Author(s): Isabel Wilkerson
In this epic, beautifully written masterwork, Pulitzer Prize winning author Isabel Wilkerson chronicles one of the great untold stories of American history: the decades-long migration of black citizens who fled the South for northern and western cities, in search of a better life. NATIONAL BOOK CRITICS CIRCLE AWARD WINNERLYNTON HISTORY PRIZE WINNERHEARTLAND AWARD WINNERDAYTON LITERARY PEACE PRIZE FINALIST NAMED ONE OF THE TEN BEST BOOKS OF THE YEAR BY"The New York Times USA Today O: The Oprah Magazine Amazon Publishers Weekly Salon Newsday The Daily Beast"""NAMED ONE OF THE BEST BOOKS OF THE YEAR BY"The New Yorker The Washington Post The Economist Boston Globe San Francisco Chronicle ChicagoTribune EntertainmentWeekly Philadelphia Inquirer The Guardian The Seattle Times St. Louis Post-Dispatch The Christian Science Monitor"From 1915 to 1970, this exodus of almost six million people changed the face of America. Wilkerson compares this epic migration to the migrations of other peoples in history. She interviewed more than a thousand people, and gained access to new data and official records, to write this definitive and vividly dramatic account of how these American journeys unfolded, altering our cities, our country, and ourselves. With stunning historical detail, Wilkerson tells this story through the lives of three unique individuals: Ida Mae Gladney, who in 1937 left sharecropping and prejudice in Mississippi for Chicago, where she achieved quiet blue-collar success and, in old age, voted for Barack Obama when he ran for an Illinois Senate seat; sharp and quick-tempered George Starling, who in 1945 fled Florida for Harlem, where he endangered his job fighting for civil rights, saw his family fall, and finally found peace in God; and Robert Foster, who left Louisiana in 1953 to pursue a medical career, the personal physician to Ray Charles as part of a glitteringly successful medical career, which allowed him to purchase a grand home where he often threw exuberant parties. Wilkerson brilliantly captures their first treacherous and exhausting cross-country trips by car and train and their new lives in colonies that grew into ghettos, as well as how they changed these cities with southern food, faith, and culture and improved them with discipline, drive, and hard work. Both a riveting microcosm and a major assessment, The Warmth of Other Suns is a bold, remarkable, and riveting work, a superb account of an unrecognized immigration within our own land. Through the breadth of its narrative, the beauty of the writing, the depth of its research, and the fullness of the people and lives portrayed herein, this book is destined to become a classic."
"A landmark piece of nonfiction . . . sure to hold many surprises for readers of any race or experience....A mesmerizing book that warrants comparison to "The Promised Land, " Nicholas Lemann's study of the Great Migration's early phase, and "Common Ground, " J. Anthony Lukas's great, close-range look at racial strife in Boston....[Wilkerson's] closeness with, and profound affection for, her subjects reflect her deep immersion in their stories and allow the reader to share that connection." - Janet Maslin, "The New York Times" "The Warmth of Other Suns" is a brilliant and stirring epic, the first book to cover the full half-century of the Great Migration... Wilkerson combines impressive research...with great narrative and literary power. Ms. Wilkerson does for the Great Migration what John Steinbeck did for the Okies in his fiction masterpiece, "The Grapes of Wrath"; she humanizes history, giving it emotional and psychological depth."--John Stauffer, "Wall Street Journal" "[A] massive and masterly account of the Great Migration....A narrative epic rigorous enough to impress all but the crankiest of scholars, yet so immensely readable as to land the author a future place on Oprah's couch." - David Oshinsky, "The New York Times Book Review "(Cover Review) "[A] deeply affecting, finely crafted and heroic book. . . .Wilkerson has taken on one of the most important demographic upheavals of the past century--a phenomenon whose dimensions and significance have eluded many a scholar--and told it through the lives of three people no one has ever heard of....This is narrative nonfiction, lyrical and tragic and fatalist. The story exposes; the story moves; the story ends. What Wilkerson urges, finally, isn't argument at all; it's compassion. Hush, and listen." --Jill Lepore, "The New Yorker"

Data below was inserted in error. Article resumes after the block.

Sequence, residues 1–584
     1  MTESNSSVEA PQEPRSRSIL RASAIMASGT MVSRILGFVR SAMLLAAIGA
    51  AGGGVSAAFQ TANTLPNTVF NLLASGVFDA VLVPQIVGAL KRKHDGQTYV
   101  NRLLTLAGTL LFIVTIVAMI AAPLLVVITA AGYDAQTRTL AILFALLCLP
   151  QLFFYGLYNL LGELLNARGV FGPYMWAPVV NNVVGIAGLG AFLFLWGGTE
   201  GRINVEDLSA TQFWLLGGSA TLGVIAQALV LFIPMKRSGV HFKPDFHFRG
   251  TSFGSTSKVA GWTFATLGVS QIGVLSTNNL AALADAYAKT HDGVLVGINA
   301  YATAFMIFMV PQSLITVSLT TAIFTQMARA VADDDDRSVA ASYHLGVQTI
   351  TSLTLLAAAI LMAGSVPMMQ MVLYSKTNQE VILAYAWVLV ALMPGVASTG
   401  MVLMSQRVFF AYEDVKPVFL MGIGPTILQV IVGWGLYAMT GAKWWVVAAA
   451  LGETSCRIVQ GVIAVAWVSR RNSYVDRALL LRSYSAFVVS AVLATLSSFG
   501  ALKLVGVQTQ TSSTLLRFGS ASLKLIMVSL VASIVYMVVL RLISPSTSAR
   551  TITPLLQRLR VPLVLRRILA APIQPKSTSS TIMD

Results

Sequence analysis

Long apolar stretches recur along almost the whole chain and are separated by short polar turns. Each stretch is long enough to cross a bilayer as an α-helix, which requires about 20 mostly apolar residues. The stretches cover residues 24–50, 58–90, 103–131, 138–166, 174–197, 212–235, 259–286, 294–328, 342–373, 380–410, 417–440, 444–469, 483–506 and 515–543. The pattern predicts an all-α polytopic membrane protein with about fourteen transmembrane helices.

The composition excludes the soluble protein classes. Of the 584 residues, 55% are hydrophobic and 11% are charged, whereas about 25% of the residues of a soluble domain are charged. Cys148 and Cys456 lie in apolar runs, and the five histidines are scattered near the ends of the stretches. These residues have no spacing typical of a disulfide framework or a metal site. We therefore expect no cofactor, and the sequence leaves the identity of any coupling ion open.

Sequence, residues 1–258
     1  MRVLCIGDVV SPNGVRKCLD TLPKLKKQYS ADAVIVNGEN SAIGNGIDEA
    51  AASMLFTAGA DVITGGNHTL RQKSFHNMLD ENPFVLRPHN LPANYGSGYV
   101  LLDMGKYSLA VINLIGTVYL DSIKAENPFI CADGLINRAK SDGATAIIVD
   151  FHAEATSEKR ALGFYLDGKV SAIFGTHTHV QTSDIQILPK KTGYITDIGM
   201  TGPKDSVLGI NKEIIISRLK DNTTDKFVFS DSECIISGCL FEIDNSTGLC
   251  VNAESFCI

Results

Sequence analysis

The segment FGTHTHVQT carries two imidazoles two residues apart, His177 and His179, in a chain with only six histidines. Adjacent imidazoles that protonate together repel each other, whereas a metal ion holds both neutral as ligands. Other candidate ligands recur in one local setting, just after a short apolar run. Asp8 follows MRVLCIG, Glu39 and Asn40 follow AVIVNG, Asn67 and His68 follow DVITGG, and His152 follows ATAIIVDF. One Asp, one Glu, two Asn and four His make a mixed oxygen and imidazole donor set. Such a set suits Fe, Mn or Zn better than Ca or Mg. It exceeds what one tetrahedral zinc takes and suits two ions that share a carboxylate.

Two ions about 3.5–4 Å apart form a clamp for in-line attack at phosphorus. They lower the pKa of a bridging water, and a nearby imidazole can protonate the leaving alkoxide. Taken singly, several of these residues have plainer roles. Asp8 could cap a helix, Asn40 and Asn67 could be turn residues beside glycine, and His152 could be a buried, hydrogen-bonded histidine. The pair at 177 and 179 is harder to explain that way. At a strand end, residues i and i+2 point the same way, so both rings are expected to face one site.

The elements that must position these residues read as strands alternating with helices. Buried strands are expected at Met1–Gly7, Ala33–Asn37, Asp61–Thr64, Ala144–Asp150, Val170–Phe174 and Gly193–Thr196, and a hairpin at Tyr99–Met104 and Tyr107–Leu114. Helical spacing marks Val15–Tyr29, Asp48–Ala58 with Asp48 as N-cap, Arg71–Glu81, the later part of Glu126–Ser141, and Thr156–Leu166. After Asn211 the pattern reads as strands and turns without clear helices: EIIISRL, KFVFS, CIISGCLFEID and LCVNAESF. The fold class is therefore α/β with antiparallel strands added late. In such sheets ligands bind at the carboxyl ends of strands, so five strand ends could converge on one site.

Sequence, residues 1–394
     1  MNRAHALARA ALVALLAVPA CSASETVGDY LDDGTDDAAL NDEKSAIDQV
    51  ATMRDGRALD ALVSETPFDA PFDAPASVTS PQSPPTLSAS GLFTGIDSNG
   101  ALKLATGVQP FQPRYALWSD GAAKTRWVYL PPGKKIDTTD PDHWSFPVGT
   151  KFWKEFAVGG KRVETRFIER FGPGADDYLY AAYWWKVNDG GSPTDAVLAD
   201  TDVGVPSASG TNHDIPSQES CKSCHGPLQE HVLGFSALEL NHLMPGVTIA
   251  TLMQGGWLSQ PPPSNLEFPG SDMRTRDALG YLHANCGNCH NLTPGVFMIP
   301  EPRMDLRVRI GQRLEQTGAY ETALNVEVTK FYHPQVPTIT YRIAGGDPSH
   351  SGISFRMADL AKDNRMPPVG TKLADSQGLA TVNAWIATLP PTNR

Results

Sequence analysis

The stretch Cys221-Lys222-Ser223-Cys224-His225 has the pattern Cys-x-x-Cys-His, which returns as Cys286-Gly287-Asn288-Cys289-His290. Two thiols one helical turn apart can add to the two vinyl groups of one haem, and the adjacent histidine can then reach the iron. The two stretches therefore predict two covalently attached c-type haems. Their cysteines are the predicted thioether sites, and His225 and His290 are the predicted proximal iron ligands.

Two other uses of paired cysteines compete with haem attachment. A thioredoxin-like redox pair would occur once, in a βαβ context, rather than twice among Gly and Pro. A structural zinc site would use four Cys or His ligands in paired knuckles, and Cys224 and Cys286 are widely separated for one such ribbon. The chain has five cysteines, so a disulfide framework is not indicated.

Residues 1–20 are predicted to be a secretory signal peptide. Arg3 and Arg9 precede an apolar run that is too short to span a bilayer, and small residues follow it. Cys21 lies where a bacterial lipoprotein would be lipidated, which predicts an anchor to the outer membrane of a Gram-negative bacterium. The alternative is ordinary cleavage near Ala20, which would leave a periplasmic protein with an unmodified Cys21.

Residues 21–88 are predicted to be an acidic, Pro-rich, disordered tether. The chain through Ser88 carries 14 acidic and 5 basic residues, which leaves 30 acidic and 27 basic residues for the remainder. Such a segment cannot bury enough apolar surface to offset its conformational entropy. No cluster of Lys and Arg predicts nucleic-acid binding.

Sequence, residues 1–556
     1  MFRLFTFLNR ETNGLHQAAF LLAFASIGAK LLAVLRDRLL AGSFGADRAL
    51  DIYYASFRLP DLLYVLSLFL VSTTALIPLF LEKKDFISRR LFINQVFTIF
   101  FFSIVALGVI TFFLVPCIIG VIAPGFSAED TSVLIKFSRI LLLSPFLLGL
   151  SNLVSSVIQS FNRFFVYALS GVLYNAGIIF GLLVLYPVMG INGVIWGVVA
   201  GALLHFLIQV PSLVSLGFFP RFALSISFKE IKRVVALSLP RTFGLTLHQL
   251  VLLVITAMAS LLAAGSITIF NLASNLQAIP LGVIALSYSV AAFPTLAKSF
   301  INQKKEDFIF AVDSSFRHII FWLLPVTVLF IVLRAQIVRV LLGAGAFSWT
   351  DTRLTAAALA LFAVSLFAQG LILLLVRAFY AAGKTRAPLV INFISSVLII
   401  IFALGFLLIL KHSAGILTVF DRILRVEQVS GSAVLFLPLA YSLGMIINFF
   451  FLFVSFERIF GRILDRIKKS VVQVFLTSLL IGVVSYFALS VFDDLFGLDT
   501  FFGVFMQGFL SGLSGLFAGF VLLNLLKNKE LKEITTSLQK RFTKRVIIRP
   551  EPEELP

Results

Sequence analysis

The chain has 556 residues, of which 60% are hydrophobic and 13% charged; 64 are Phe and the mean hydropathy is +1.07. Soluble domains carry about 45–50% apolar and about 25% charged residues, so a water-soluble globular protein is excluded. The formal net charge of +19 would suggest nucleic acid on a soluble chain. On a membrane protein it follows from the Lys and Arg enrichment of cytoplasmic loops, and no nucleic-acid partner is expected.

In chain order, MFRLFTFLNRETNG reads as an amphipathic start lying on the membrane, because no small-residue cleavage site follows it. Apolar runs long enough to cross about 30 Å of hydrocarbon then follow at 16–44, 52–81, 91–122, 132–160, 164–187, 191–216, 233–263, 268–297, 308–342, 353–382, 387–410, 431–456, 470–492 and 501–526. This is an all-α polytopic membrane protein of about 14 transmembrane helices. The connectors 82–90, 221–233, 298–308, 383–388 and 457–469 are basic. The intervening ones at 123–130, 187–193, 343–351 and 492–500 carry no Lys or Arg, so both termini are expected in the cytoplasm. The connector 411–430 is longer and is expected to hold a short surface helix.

Isabel Wilkerson won the 1994 Pulitzer Prize for Feature Writing for her reporting as Chicago bureau chief of "The New York Times." The award made her the first black woman in the history of American journalism to win a Pulitzer Prize and the first African American to win for individual reporting. She won the George Polk Award for her coverage of the Midwest and a John Simon Guggenheim Fellowship for her research into the Great Migration. She has lectured on narrative writing at the Nieman Foundation at Harvard University and has served as Ferris Professor of Journalism at Princeton University and as the James M. Cox Jr. Professor of Journalism at Emory University. She is currently Professor of Journalism and Director of Narrative Nonfiction at Boston University. During the Great Migration, her parents journeyed from Georgia and southern Virginia to Washington, D.C., where she was born and reared. This is her first book.